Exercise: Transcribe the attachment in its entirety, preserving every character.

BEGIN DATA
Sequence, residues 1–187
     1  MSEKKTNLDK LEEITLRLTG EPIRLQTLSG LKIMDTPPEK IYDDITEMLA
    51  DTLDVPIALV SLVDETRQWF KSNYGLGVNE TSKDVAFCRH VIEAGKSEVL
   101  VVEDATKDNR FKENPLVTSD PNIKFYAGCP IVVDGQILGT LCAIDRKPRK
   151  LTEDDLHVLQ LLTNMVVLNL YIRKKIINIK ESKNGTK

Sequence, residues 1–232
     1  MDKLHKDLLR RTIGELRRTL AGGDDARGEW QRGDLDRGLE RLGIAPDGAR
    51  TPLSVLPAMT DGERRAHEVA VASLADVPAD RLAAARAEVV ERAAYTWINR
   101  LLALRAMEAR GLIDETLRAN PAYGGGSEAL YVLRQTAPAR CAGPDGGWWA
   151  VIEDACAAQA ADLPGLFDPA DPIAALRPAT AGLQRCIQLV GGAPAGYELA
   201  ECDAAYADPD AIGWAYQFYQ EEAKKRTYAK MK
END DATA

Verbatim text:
Sequence, residues 1–187
     1  MSEKKTNLDK LEEITLRLTG EPIRLQTLSG LKIMDTPPEK IYDDITEMLA
    51  DTLDVPIALV SLVDETRQWF KSNYGLGVNE TSKDVAFCRH VIEAGKSEVL
   101  VVEDATKDNR FKENPLVTSD PNIKFYAGCP IVVDGQILGT LCAIDRKPRK
   151  LTEDDLHVLQ LLTNMVVLNL YIRKKIINIK ESKNGTK

Sequence, residues 1–232
     1  MDKLHKDLLR RTIGELRRTL AGGDDARGEW QRGDLDRGLE RLGIAPDGAR
    51  TPLSVLPAMT DGERRAHEVA VASLADVPAD RLAAARAEVV ERAAYTWINR
   101  LLALRAMEAR GLIDETLRAN PAYGGGSEAL YVLRQTAPAR CAGPDGGWWA
   151  VIEDACAAQA ADLPGLFDPA DPIAALRPAT AGLQRCIQLV GGAPAGYELA
   201  ECDAAYADPD AIGWAYQFYQ EEAKKRTYAK MK